Simple yet Effective Bridge Reasoning for Open Domain Multi Hop Question Answering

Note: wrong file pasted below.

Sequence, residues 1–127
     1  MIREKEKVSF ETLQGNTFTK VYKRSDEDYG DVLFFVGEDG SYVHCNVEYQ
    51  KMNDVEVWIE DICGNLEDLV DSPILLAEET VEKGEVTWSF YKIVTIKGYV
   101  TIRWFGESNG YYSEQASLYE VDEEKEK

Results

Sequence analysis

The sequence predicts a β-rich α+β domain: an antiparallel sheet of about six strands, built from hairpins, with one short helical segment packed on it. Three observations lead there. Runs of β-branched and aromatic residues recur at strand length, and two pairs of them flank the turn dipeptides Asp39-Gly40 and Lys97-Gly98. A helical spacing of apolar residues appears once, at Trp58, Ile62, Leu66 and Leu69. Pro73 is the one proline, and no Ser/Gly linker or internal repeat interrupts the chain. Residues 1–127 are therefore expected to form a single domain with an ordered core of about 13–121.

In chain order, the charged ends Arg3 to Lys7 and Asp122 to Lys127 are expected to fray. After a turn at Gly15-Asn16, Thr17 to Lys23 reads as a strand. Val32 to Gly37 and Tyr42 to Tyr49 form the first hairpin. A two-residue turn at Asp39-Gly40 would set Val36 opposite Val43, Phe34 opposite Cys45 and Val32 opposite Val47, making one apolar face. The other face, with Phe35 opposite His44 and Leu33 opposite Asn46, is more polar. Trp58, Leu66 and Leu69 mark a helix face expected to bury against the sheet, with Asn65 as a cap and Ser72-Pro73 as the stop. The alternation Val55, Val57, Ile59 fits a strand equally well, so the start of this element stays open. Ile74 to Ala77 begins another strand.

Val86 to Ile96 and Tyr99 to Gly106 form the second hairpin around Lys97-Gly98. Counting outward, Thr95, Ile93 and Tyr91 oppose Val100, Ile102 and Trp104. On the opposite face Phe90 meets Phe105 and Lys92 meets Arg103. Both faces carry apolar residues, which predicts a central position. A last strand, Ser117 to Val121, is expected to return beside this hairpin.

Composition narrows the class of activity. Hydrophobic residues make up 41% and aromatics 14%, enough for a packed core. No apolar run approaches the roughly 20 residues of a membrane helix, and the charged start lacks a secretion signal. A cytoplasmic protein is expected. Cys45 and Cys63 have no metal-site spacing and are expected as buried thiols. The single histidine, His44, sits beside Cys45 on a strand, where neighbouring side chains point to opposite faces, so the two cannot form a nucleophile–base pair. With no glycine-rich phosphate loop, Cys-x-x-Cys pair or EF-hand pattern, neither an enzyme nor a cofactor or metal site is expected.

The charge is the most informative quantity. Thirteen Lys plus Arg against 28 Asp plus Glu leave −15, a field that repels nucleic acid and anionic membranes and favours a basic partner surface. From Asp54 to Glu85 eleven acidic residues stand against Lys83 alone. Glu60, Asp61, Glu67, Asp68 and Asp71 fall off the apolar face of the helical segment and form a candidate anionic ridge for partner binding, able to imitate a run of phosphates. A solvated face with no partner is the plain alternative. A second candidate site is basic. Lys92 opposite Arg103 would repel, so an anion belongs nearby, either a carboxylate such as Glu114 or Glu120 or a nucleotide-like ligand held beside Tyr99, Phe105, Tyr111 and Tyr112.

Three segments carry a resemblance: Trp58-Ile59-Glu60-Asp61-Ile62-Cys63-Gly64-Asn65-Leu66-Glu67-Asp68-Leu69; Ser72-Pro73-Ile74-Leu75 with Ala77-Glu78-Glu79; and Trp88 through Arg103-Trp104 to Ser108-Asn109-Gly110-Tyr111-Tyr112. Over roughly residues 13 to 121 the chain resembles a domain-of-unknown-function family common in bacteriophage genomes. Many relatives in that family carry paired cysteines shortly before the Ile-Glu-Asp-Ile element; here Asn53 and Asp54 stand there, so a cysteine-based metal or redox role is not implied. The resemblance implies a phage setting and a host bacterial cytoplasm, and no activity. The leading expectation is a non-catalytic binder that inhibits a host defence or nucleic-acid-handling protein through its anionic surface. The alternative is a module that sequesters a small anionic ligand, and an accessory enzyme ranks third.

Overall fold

Proceedings of the Second Workshop on Machine Reading for Question Answering, pages 48–52 Hong Kong, China, November 4, 2019. c©2019 Association for Computational Linguistics. 48. Simple yet Effective Bridge Reasoning for Open-Domain Multi-Hop Question Answering. Wenhan Xiong†, Mo Yu‡, Xiaoxiao Guo‡, Hong Wang†, Shiyu Chang‡, Murray Campbell‡, William Yang Wang† † University of California, Santa Barbara. ‡ IBM Research {xwhan, william}, {yum,mcam}, {shiyu.chang, xiaoxiao.guo} Abstract. A key challenge of multi-hop question answer- ing (QA) in the open-domain setting is to ac- curately retrieve the supporting passages from a large corpus. Existing work on open-domain QA typically relies on off-the-shelf informa- tion retrieval (IR) techniques to retrieve an- swer passages, i.e., the passages containing the groundtruth answers. However, IR-based approaches are insufficient for multi-hop ques- tions, as the topic of the second or further hops is not explicitly covered by the question. To resolve this issue, we introduce a new sub- problem of open-domain multi-hop QA, which aims to recognize the bridge (i.e., the anchor that links to the answer passage) from the con- text of a set of start passages with a reading comprehension model. This model, the bridge reasoner, is trained with a weakly supervised signal and produces the candidate answer pas- sages for the passage reader to extract the an- swer. On the full-wiki HotpotQA benchmark, we significantly improve the baseline method by 14 point F1. Without using any memory- inefficient contextual embeddings, our result is also competitive with the state-of-the-art that applies BERT in multiple modules.. 1 Introduction. As machines have achieved super-human perfor- mance (Devlin et al., 2018) for single-passage question answering on the standard SQuAD dataset (Rajpurkar et al., 2016), building QA sys- tems with human-like reasoning ability has at- tracted broad attention recently. In this challenge, the QA system is required to reason with dis- tributed piece of information from multiple pas- sages to derive the answer. Several multi-hop QA benchmarks include WIKIHOP (Welbl et al., 2018), ComplexWebQuestions (Talmor and Be- rant, 2018) and HotpotQA (Yang et al., 2018) have been released recently to advance this line of re-. search. In this paper, we focus on the practi- cal open-domain HotpotQA benchmark where the questions are asked upon natural language pas- sages instead of knowledge bases and the support- ing passages are not known beforehand.. The typical pipeline of open-domain QA sys- tems (Chen et al., 2017; Wang et al., 2018; Htut et al., 2018) is to first use an IR system to re- trieve a compact set of paragraphs and then run a machine reading model over the concatenated or reranked paragraphs. While IR works reasonably well for simple questions1, it often fails to retrieve the correct answer paragraph for multi-hop ques- tions. This is due to the fact that the question often cannot fully cover the information for the second or further hops. Consider the question “What gov- ernment position was held by the woman who por- trayed Corliss Archer in the film Kiss and Tell?” from the HotpotQA (Yang et al., 2018) dataset. Since the name of the person (Shirley Temple) is not directly mentioned in the question and the an- swer is about another aspect of the person other than film acting, traditional IR heuristics based on n-gram matching might fail to retrieve the answer passage. In fact, the correct answer passage of Shirley Temple never appears in the top passages ranked by the default IR method of HotpotQA.. Instead of predicting the answer passage with text matching between passages and questions, we claim that the answer passage can be better inferred based on the context-level information. Noticing that the IR retrieved passages can usu- ally successfully cover the first hop evidence of the questions (i.e. start passages), we propose to use a reading comprehension model to infer the enti- ties linking to the answer passage from the start passages. Our experiments show that this sim- ple approach can tremendously increase the an-. 1As shown in Table 3 of Chen et al. (2017), a simple IR method can achieve 77.8% recall on the SQuAD dataset.. 49. Question: What government position was held by the woman who portrayed Corliss Archer in the film Kiss and Tell ?. Bridge Reasoner. Full Wikipedia. Target Passages: “Shirley Temple” “F. Hugh Herbert” “Kiss and Tell (1942 film)” “Bob Hope” “A Kiss for Corliss”. … Target Passage. Reader. Start Passages: “A Kiss For Corliss” “Lord High Treasurer” “Meet Corliss Archer” “Village accountant” “Joseph Kalite” …. IR System. Answer: Chef of Protocol. Question. Correct answer passage. Figure 1: The overview of our QA system. The bridge rea- soner reads the start passages retrieved by an IR system and predicts a set of candidate bridges (anchor links) that lead to the answer passages, which is further processed by the pas- sage reader to return the answer.. swer coverage of the top-ranked passages and thus increase the final QA performance by 14 point F1. Despite that our bridge reasoner and passage reader only learn above GloVe embeddings (Pen- nington et al., 2014), we achieve competitive per- formance with methods that use BERT (Devlin et al., 2018) in multiple modules.. 2 Problem Definition and Motivation. An open-domain multi-hop QA system aims to answer complex questions by retrieving evidence from a large open-domain passage corpus, such as Wikipedia. Usually the evidence scatters in a dis- tributed set of supporting passages p1, p2, ..., pn that forms an ordered chain. Each pi provides evidence that partially fulfills the information re- quired to answer the question, as well as provides clues (usually concepts or entities) that lead to the next supporting passage pi+1. The last passage pn of the chain contains the answer and is referred to as the answer passage. Although the supervision of the complete supporting chains could be bene- ficial for training and diagnosing the QA system, predicting these complete reasoning sequences at evaluation time is usually quite challenging.. This work builds on an important observation that the prediction of the entire chain is not nec- essary for the QA performance. As a matter of fact, we conduct a preliminary experiment that compares a QA model that has full access to the supporting passages, versus a model that only has access to the answer passage. This experiment was conducted on the distractor version of Hot- potQA (Yang et al., 2018), which has groundtruth. supporting passage annotations. We use the base- line QA model from Yang et al. (2018). The re- sult shows that the full access only gives marginal improvements2, even this model uses the support- ing passage labels as additional supervision sig- nals. The above result confirms that the multi-hop QA performance largely depends on the accurate retrieval of the answer passages.. Definition of Bridge Reasoning The key idea of our approach is to reformulate the problem of an- swer passage retrieval as a reading comprehension task. The reading model predicts an entity that points to the answer passage. Such entities serve as the bridges connecting the supporting passages, therefore we refer them as bridge entities. When working with passages from Wikipedia, we con- sider the anchor links in each article as the candi- date set of bridge entities. Thus each bridge candi- date is a title of another passage and we use bridge entity and answer passage interchangablely.. Note that our definition of bridge reasoning here can be easily extended beyond anchor links, as long as we have entity linking tools to connect the same entities in different passages and build links between them. The main goal of this paper is to demonstrate that the bridge reasoning task can be effectively formulated as a reading comprehension task, and we leave the investigation of the broader definition of bridge reasoning to future work.. Remark on Distant Supervision It is also wor- thy to note that obtaining the supervision of the an- swer passages is much easier – as long as there are question-answer pairs, we can use distant supervi- sion to obtain answer passage annotations. There- fore the proposed bridge reasoning task is rather general and is easy to be extend to more datasets without support passage supervision.. 3 The Proposed Approach. Our QA system is illustrated in Figure 1. We first use the bridge reasoner to get the answer pas- sages and then feed the top candidate answer pas- sages into a standard passage reader to predict the final answer to the multi-hop question.. 3.1 The Base Span Prediction Model. Both the bridge reasoner and the passage reader use a model that predicts a relevant span given a. 266.07 F1 and 49.43 EM with full support access versus 64.77 F1 and 50.96 EM with only answer passage access.. 50. question. We use the same model architecture for both tasks and the architecture is base on the doc- ument QA model from (Clark and Gardner, 2018), which is used by Yang et al. (2018) as the baseline for HotpotQA. The model uses a shared bidirec- tional GRU (Cho et al., 2014) to encode the ques- tion and the passages. The encoded questions and passages are then passed to a bidirectional atten- tion layer (Seo et al., 2017) to get the question- aware passage states. The state vectors are en- hanced by a self-attention layer (Wang et al., 2017) and are finally fed into linear layers to predict the start and end span scores at every word position.. 3.2 Bridge Reasoner Our bridge reasoner integrates multiple types of evidence to predict the bridge entities that link to potential answer passages.. Local Context Evidence The most critical ev- idence we use is the local context of the start passages. These passages usually cover the first hop of the question and provide clues about the bridges. Our bridge reasoner therefore employs the span prediction model to predict the spans of bridge entities from the context of the start pas- sages. Unlike typical span prediction models that consider all possible spans, the bridge reasoner here only needs to rank all the entities that have anchor links. We take the final representation of each token from the span prediction model and use each anchor’s start token representation hcas to rep- resent the anchor’s local context evidence. Passage Content Evidence Each bridge entity in our setting is associated with a Wikipedia article, so the relevance of each bridge can be computed by matching the article content with the question. Here we use a bi-LSTM to encode the abstract pas- sages and use max-pooling on the output states to get the passage content representation hpa.. Both the local context evidence hcas and pas- sage content evidence hpa are integrated into our final bridge reasoner by a linear layer. The super- vision for training the bridge reasoner is derived from the distractor version of HotpotQA: we take the title of the support passage that contains the groundtruth answer as the groundtruth bridge en- tity. When there are multiple passages that contain the answer, we randomly pick one of the passages.. 3.3 Target Passage Reader Our passage reader has the same neural architec- ture as the bridge reasoner and the goal here is to. extract the correct answer span. We run the tar- get passage reader on the top 10 answer passage candidates predicted by the bridge reasoner.. Training Passages from Cross-validation As we are using the same set of training questions for training the bridge reasoner and the target pas- sage reader, there will be a discrepancy between the training and evaluation of QA: at evaluation time, the reader sees the passages predicted by the bridge reasoner, while at training time, the groundtruth answer passage is known. On the other hand, we also cannot use the predicted pas- sages for training the reader, as the bridge reasoner itself is trained on the training set so the top pre- dicted passages on training set are already overfit- ted. To make the training match the evaluation, we use the bridge reasoner model to perform two-fold cross-validation on training questions and use the cross-predicted passages for training the reader.. Auxiliary Training Objective of Bridge Pre- diction We introduce an auxiliary objective to encourage the reader to utilize the answer pas- sage supervision during training. This is done by adding a span loss for predicting the answer pas- sage title3. This simple auxiliary loss introduces implicit regularization for the reader and turns to be beneficial for the final QA performance.. 4 Experiments. Setup Our experiments mainly focus on the “bridge” questions of which the supporting pas- sages can form a reasoning chain and the an- swers can be found in the last passage. For the “comparison” questions in the dataset, the topics for comparison are often explicitly mentioned in the questions, so IR methods are often sufficient and we keep the IR retrieved passages for com- parison answer prediction. Because HotpotQA does not provide training passages for the open- domain setting, we use a hybrid tf-idf and bm25 approach to retrieve 10 start passages for each training question. For the dev and test questions, we directly run the trained bridge reasoner on the start passages retrieved by HotpotQA’s default IR approach. To further expand the coverage of the start passages, we find a useful external entity link- ing tool4 and we append the abstracts of the Top2. 3The passage titles are included as part of the context for QA.. 4 51. Approach Hits@10. HotpotQA IR 48.4. Our Methods Bridge Reasoner 76.6. w/o local context evidence 75.4 w/o passage content evidence 65.7. Bridge Reasoner + entity linking 80.6. Table 1: Answer passage prediction performance, measured by Hits@10 on dev bridge questions.. Model Dev Test EM F1 EM F1. Methods w/o BERT HotpotQA Baseline 24.68 34.36 23.95 32.89 GRN - - 27.34 36.48 Ours 36.81 48.48 36.04 47.43. w/o EL 35.00 46.16 - -. Methods with BERT GRN + BERT - - 29.87 39.14 CogQA 37.6 49.4 37.12 48.87. w/o EL 34.6 46.2 - - w/o re-scoring 33.6 45.0 - -. Methods with Unknown Usage of BERT DecompRC - - 30.00 40.65 MUPPET - - 30.61 40.26. Table 2: QA performance on HotpotQA. The underline methods use the same resource, but our method does not use any pre-trained contextual embeddings like BERT.. returned Wikipedia articles for both bridge reason- ing and answer prediction.. Answer Passage Prediction The performance of the bridge reasoner on answer passage predic- tions is shown in Table 1. Overall, the bridge reasoner retrieves the answer passage with sig- nificantly higher accuracy than HotpotQA’s IR method. We also see that the local context evi- dence is more effective than the passage content evidence for answer passage prediction. Since conventional IR methods also use passage content for ranking, the results here validate our assump- tion that the bridges can be better inferred by read- ing the context of the start passages.. Question Answering Results Table 2 shows the final multi-hop QA performance. We compare several concurrent systems on the leaderboard, in- cluding the newly published CogQA (Ding et al., 2019) and a few anonymous results that are re- leased at the same period as CogQA, e.g., MUP- PET, GRN, and DecompRC. Most of the top sys- tems on the leaderboard benefit from the pre- trained contextual embedding BERT, while our method is trained from scratch. We categorize all. Model Bridge Only Full DevEM F1 EM F1. Our approach 34.19 47.16 36.81 48.48 w/o EL 32.91 45.42 35.00 46.16 w/o Multi-Task 32.91 46.13 35.80 47.14 w/o Bridge Reasoner 22.52 32.78 27.05 36.67. Table 3: QA performance ablation on the development set.. the systems according to their usages of BERT. Among all the results without BERT, our approach shows a huge advantage and is about 10% higher in terms of both EM and F1 compared to the cur- rent known best system w/o BERT (GRN). Since our reader has the same architecture as the Hot- potQA baseline, this shows the great potential of our bridge reasoner. When compared to models w/ BERT, i.e., the CogQA, our result is still com- petitive. Similarly to CogQA, we also investigate the passage initialization with question entity link- ing, and observed significant performance boost. Note that the CogQA paper does not provide de- tails of the entity linker, so the results with our en- tity linker may not be the same to the one used by CogQA. Furthermore, when entity linking is not used, our method and CogQA start with the same initial passages. This gives an apple-to-apple com- parison except that ours does not use BERT. Ac- cording to the dev results, our method is on par with CogQA (35.0 v.s. 34.6 for EM and both 46.2 for F1). This proves that our bridge reasoning method is superior to the cognitive graph gener- ator in CogQA.. Ablation Study Table 3 gives ablation results on the dev set, where both entity linking and the aux- iliary objective slightly improve the performance. As the focus of the paper is to improve the cover- age of answer passages for “bridge” questions, we also report the “bridge” question portion where the improvement is more significant.. 5 Conclusion. This paper introduces an important sub-problem of bridge reasoning for the task of multi-hop QA in the open-domain setting. We propose a bridge reasoner that utilizes multiple types of evidence to derive the passages that cover the answers. The reasoner significantly improves the coverage of answer passages than IR methods. With the pre- dicted passages, we show that a standard reading comprehension model is able to achieve similar performance as the state-of-the-art method that re- quires BERT in multiple modules.. 52. References Danqi Chen, Adam Fisch, Jason Weston, and Antoine. Bordes. 2017. Reading Wikipedia to answer open- domain questions. In Proceedings of the 55th An- nual Meeting of the Association for Computational Linguistics (Volume 1: Long Papers), pages 1870– 1879, Vancouver, Canada. Association for Compu- tational Linguistics.. Kyunghyun Cho, Bart van Merrienboer, Caglar Gul- cehre, Dzmitry Bahdanau, Fethi Bougares, Holger Schwenk, and Yoshua Bengio. 2014. Learning phrase representations using RNN encoder–decoder for statistical machine translation. In Proceedings of the 2014 Conference on Empirical Methods in Nat- ural Language Processing (EMNLP), pages 1724– 1734, Doha, Qatar. Association for Computational Linguistics.. Christopher Clark and Matt Gardner. 2018. 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